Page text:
“We do not get even enough drinking water here. At night, all the women and children sleep in the rooms. The men sleep outside, near the Valiathura pier or on the school verandah. We are constantly taunted by the officials for staying here. They expect us to leave as soon as the waves recede without looking at the state of our houses. We need time to rebuild, to start from scratch. This time, some families have left already, but we have decided to stay put till a permanent solution to the problem is arrived at,” says 45-year-old Mable.

During the monsoon, the functioning of the school is also partly affected owing to the relief camps. So, there is a constant pressure on the families to leave.

“Every year, we go back thinking of these students’ futures. But last time, even some of the children told us to stay. They understood our condition better as their families also live close to the coast. But, sometimes the officials taunt us and treat us as freeloaders,” says Ms. Mable.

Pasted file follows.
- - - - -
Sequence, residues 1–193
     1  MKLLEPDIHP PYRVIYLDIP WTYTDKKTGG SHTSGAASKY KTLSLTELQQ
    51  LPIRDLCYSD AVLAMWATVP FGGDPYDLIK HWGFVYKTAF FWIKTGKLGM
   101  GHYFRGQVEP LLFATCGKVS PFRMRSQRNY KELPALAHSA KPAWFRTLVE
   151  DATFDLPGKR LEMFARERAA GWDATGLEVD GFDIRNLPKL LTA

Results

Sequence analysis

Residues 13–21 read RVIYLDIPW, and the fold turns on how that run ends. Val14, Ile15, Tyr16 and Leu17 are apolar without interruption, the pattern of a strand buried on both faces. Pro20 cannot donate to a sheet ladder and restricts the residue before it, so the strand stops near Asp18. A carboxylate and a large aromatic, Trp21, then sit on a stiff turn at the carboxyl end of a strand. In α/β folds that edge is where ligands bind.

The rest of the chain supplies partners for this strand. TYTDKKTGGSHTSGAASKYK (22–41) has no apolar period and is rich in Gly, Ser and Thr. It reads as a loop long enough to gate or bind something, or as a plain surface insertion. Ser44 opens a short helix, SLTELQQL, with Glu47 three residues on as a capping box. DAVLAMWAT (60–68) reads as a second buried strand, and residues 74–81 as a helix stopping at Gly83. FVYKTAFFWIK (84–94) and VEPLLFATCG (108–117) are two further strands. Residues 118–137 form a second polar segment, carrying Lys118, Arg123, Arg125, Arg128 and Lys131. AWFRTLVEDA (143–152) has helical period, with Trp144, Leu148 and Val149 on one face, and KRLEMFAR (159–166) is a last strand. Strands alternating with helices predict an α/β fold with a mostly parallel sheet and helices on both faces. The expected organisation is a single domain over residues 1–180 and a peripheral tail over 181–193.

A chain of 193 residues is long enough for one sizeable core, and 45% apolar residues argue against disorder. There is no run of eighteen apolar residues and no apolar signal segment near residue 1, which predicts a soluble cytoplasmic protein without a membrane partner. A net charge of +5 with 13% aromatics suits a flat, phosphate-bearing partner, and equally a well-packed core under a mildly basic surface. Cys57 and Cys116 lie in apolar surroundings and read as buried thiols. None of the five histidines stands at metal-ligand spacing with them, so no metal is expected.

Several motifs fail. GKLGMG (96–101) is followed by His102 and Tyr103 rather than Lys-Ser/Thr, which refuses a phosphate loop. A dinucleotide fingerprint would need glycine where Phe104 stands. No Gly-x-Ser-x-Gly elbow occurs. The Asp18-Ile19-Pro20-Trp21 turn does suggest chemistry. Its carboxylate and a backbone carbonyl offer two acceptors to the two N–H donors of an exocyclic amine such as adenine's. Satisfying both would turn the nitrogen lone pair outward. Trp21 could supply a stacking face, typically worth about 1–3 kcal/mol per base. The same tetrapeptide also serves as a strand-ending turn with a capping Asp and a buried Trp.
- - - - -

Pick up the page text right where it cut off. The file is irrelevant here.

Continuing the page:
Camp closed

When The Hindu contacted an employee of the Valiathura village office, he said the families “tend to stay back raising various demands even after the waves have long receded.” The relief camp had now been officially declared closed and a report sent to the tahsildar, he said.

When they leave the camp, the families are usually given around Rs.3,000 as a token amount for thatching their huts. Last year, most of them got amounts ranging from Rs.20,000 to Rs.35,000 as a special grant.

“We have been told that land has been allotted to build houses for us near the Muttathara sewage plant and near the FCI godown. If you cannot build houses, at least give us that land so that we can shift our huts there. We do not need money anymore. All we are asking for is a piece of land away from the waves,” says 52-year-old Baby.

Valiathura ward councillor Tony Oliver says he had taken the initiative in handing over the Corporation-owned land near the FCI godown to the Kerala State Coastal Area Development Corporation (KSCADC).